Keeping the Books: Basic Recordkeeping and Accounting for the Successful Small Business by Linda Pinson and Jerry Jinnett is an excellent introduction to record-keeping and accounting for small business owners.
The book does a solid job introducing record-keeping. It discusses the:
- General Journal
- General Ledger
- Petty Cash Record
- Inventory Records
- Fixed Asset Log
- Accounts Receivable
- Accounts Payable
- Independent Contractor Record
- Payroll Records (though the authors recommend you hire a payroll firm to handle your payroll due to the government’s extreme demands for payroll records)
- Mileage Log
- Travel Expense Records
- Entertainment Records
Sample forms of all of the above are given and explained, as well as blank forms the authors state you can copy and use for your business. Today most of us would put such records on a computer, but we should still understand the process, the authors point out.
Keeping the Books is especially good, as it discusses, not only single-entry accounting, but also gives a decent introduction to double-entry accounting. The brief explanation, though very good, is not as good as taking an introductory class in double-entry bookkeeping.
For example, Keeping the Books casually mentions there are two sides to any business transaction and the two sides are recorded as debits and credits. Then it lists the rules for how revenue, expense, asset, liability, and equity accounts are affected by debits and credits. (Debit increases the value in an asset account; a debit decreases the value of an equity or liability account, etc.)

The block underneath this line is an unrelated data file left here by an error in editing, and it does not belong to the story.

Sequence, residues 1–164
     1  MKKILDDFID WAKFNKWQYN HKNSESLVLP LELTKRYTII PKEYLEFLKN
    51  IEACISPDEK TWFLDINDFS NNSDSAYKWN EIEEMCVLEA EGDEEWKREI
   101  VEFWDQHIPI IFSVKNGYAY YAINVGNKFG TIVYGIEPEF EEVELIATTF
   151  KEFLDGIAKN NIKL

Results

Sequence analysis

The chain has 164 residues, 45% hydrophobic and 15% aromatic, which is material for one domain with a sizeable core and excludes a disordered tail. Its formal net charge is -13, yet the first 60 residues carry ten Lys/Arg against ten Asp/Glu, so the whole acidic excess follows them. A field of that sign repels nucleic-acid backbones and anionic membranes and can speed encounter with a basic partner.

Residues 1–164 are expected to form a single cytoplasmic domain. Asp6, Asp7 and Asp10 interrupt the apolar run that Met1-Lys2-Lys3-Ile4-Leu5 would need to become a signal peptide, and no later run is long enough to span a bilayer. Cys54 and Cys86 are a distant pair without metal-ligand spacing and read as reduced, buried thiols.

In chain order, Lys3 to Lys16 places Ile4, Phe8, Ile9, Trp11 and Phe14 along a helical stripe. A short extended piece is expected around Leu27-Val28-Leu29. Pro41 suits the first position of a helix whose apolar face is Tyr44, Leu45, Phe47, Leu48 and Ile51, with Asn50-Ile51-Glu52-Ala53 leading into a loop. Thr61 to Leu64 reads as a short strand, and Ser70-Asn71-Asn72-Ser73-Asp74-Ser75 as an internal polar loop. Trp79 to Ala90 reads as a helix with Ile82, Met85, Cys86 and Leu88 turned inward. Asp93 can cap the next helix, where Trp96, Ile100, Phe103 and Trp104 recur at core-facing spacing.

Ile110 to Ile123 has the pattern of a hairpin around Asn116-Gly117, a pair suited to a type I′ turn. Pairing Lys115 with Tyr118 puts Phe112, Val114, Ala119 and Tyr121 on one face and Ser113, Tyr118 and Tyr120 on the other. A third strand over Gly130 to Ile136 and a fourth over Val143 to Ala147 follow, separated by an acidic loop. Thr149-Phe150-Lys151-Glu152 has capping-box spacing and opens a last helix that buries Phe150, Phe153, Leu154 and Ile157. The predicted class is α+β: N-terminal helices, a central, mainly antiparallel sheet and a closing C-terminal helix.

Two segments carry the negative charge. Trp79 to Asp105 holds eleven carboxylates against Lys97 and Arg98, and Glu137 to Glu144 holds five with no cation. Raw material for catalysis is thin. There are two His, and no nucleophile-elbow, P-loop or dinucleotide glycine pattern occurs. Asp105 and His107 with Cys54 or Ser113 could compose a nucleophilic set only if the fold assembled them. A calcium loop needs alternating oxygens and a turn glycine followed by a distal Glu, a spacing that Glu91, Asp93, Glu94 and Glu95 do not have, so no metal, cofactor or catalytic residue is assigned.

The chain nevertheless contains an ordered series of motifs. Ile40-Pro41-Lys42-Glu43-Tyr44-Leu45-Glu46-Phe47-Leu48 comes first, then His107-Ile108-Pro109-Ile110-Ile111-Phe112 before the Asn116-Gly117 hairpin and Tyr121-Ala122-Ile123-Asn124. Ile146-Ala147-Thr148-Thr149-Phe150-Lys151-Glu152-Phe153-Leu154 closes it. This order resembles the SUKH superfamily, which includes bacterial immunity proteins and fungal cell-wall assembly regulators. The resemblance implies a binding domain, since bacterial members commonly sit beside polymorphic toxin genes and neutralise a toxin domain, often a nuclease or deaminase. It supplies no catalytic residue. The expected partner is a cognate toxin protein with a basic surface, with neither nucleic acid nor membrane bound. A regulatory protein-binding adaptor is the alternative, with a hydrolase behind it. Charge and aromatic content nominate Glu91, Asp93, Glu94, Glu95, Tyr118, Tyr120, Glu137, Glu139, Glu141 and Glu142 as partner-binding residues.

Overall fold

Debits are entered on the left-hand side of the column and credits are entered on the right hand side. But, it is never explicitly stated that the one giving in the transaction is the credit(or) and the one receiving in the transaction is the debit(or). A simple rule like that makes understanding double-entry accounting much easier.
For example, if you sell one hour of your service, Service Revenue is the giver (so it’s credited) and cash is the receiver (so cash is debited) and increased. Many people new to accounting benefit from having that point explicitly mentioned, though some might say it is obvious.
But, overall, the introduction to double-entry accounting is solid, extremely readable and not overly long. Adjusting the entries at the end of an accounting period is also discussed.
Keeping the Books goes into basic financial statements–balance sheet, income statement (or profit and loss statement), projected cash flow statement. These topics are very well-explained and will benefit the small business owner.
Pinson and Jinnett show how to put all the statements on a comparative basis to examine percentage value changes. For example, on the income statement, let sales’ revenue be 100% and, then, examine all costs and expenses (and hopefully profit!) as a percentage of sales.
Especially good is the discussion about projecting cash flow on a month-by-month basis. This is something too few business owners do. Break-even analysis is also briefly mentioned.
A chapter written by Marilyn Bartlett, C.P.A., discusses basic financial statement analysis and how it helps you understand and improve your business. Incidentally, this chapter would be good reading for someone new to investing who wants a good explanation of why and how analysts break down financial statements.
Finally, Keeping the Books mentions the basic tax forms your business will need. Though there is no discussion about actually filling out the forms. Useful tax calendars tell you when to send in what form to which agency.
Overall, this is a great book for new business owners to learn basic record-keeping and accounting. Keeping the Books is extremely readable and covers extremely important topics for the new business owner to understand.
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